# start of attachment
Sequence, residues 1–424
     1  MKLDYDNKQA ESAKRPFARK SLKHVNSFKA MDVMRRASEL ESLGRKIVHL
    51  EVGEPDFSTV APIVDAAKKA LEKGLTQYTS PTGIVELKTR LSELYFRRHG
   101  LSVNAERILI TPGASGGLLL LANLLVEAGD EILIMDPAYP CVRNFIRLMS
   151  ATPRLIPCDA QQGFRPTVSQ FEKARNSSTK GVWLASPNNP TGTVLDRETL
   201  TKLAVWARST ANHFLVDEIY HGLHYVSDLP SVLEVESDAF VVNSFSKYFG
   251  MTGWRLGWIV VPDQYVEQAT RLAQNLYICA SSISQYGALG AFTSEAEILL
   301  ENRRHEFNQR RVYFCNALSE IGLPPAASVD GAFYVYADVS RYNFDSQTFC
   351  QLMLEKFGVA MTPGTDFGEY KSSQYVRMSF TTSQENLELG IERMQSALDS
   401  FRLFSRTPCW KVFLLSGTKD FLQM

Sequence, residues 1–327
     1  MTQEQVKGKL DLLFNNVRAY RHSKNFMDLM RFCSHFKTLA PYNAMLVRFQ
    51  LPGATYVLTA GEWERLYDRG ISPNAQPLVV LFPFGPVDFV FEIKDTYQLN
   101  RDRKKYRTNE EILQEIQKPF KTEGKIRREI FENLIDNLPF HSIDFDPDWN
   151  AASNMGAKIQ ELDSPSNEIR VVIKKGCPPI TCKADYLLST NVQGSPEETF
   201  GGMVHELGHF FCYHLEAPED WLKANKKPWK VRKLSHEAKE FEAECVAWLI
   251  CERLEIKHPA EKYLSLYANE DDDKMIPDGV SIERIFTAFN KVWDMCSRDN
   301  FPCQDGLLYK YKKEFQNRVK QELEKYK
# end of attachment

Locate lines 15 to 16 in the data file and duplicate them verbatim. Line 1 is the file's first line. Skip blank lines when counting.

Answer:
   151  AASNMGAKIQ ELDSPSNEIR VVIKKGCPPI TCKADYLLST NVQGSPEETF
   201  GGMVHELGHF FCYHLEAPED WLKANKKPWK VRKLSHEAKE FEAECVAWLI